One of the things we would regularly do on a weekend as children was to travel to the seaside.
There are many beautiful seaside location within easy reach of Beverley. Beaches, cliffs and caves. Harbours, promenades and caravan parks. Lighthouses, lifeboats and fishing boats. Rocky beaches, sandy beaches and even a naturist beach.
The nearest place is the small seaside resort of Hornsea.
We would walk on the beach at Hornsea for hours. It wasn’t a place we would go to for sunbathing, the breeze coming in from the North Sea is more normally biting. The cliffs are made of ancient boulder clay which are being steadily eroded. This erosion means that the beach is a pattern of sand with islands of pebbles extracted from the boulder clay and polished by the waves. Many of the pebbles include fossils so we would spend much of our time walking along looking at the ground, picking up stones and closely examining each one. More often than not we would throw the stones away but sometimes the tell-tale signs of Ammonites would have us bashing stones together in the hope of a ridged swirl revelation. We’d regularly pick up fossilised Gryphaea, not that we would call them that, to us they were Devil’s Toenails. For a period we would walk the beach in search of driftwood, but that’s part of another story.
The coastal erosion means that Hornsea has extensive sea defences providing a split level promenade and an extensive system of groins. Climbing over the groins was part of the adventure. Sometimes we would deliberately go to the seaside when the tides were high and the wind was blustering. On the best days the waves would slam into the sea wall and break over the upper promenade.
We were walking along the upper promenade one day when, from what I remember, the wind and the waves were moderately high. Not high enough to break over the very top of the promenade but still giving a moody seascape. I don’t think it can have been too violent, because if it was really wild my actions were downright stupid, but I think I was just being absent minded. Anyway, I was walking along, a little way behind the rest of the family, when I decided that a visit to the lower promenade was in order.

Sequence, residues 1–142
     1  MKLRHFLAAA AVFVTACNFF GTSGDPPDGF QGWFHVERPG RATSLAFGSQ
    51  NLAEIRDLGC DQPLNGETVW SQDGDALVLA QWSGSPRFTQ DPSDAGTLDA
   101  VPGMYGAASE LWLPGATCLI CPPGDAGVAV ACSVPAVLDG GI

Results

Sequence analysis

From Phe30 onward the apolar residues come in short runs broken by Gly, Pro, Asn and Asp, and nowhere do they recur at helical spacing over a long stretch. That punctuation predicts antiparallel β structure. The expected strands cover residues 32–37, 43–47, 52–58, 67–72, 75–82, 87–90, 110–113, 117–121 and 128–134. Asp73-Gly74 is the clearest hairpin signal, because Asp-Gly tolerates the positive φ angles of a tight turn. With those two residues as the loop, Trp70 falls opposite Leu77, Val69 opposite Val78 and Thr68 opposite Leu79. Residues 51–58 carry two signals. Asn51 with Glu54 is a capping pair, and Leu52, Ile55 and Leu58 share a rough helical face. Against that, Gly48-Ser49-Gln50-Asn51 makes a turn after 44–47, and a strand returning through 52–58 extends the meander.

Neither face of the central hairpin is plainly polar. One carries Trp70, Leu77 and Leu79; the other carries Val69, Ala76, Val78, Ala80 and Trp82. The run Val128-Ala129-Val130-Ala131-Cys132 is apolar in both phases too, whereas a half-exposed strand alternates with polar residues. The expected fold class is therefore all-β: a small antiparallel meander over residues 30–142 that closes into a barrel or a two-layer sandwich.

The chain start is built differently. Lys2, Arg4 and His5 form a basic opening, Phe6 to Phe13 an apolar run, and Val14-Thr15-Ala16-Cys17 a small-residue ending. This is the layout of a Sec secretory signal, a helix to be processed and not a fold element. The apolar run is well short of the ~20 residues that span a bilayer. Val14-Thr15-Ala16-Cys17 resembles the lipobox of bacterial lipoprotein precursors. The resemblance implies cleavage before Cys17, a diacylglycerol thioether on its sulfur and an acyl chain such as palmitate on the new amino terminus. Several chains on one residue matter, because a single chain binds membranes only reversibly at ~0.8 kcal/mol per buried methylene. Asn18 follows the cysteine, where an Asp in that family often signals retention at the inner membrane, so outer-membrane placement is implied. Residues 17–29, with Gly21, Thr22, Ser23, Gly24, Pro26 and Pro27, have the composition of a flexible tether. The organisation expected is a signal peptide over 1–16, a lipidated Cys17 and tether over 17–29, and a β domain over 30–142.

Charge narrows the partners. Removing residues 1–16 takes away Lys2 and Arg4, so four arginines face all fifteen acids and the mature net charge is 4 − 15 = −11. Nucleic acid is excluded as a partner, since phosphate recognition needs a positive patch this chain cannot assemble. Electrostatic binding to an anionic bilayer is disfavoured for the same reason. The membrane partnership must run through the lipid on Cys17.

I don’t remember whether I was on my way down, or my way back up. What I do remember is hearing my Mum shout “Graham!” as I was on a walkway connecting the lower and upper promenade. Before I’d even had chance to look up a wave engulfed me.
It was fortunate that I was on the walkway because there was a handrail on the outside which the wave pulled me into and stopped me from being dragged out to sea by the wave.
Somehow, I don’t remember how, I got to the upper promenade and was reunited with the rest of the family. My clothes were absolutely soaked through. Other people walking the promenade had clearly seen the incident too with many of them making comments as we walked back to the car.
It wasn’t until years later that I realised how close I came to being a search incident for the local lifeboat at best, at worst I wouldn’t be here today.
Back at the car I stripped off and sat in the car in someone else’s coat and jumper. I don’t know how old I was, but I was small enough to be encased by an adult jumper.
I still love watching violent waves breaking over cliffs and sea walls, but I’ve not got as close as I did that day.
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